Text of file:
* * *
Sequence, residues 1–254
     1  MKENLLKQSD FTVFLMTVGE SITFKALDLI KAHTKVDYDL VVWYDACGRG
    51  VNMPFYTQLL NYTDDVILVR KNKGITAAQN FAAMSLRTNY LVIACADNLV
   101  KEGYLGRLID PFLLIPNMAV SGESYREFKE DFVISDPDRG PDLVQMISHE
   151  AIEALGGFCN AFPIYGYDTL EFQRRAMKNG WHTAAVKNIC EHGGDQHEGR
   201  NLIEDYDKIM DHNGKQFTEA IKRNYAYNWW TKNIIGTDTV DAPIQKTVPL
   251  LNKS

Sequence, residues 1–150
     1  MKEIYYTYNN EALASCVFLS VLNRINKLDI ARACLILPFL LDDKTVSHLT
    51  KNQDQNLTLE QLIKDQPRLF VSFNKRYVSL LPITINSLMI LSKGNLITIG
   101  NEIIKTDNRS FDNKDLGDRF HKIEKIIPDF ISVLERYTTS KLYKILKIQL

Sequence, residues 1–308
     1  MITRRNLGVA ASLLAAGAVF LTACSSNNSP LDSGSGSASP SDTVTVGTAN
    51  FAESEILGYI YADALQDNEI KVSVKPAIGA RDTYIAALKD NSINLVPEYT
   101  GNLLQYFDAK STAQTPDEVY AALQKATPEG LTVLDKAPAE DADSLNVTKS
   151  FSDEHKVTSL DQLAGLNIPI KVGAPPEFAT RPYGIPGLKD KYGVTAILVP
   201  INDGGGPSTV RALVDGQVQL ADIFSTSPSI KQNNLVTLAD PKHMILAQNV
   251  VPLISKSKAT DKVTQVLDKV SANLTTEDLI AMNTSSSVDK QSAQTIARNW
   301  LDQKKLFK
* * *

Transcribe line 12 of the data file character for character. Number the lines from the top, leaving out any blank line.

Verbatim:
Sequence, residues 1–308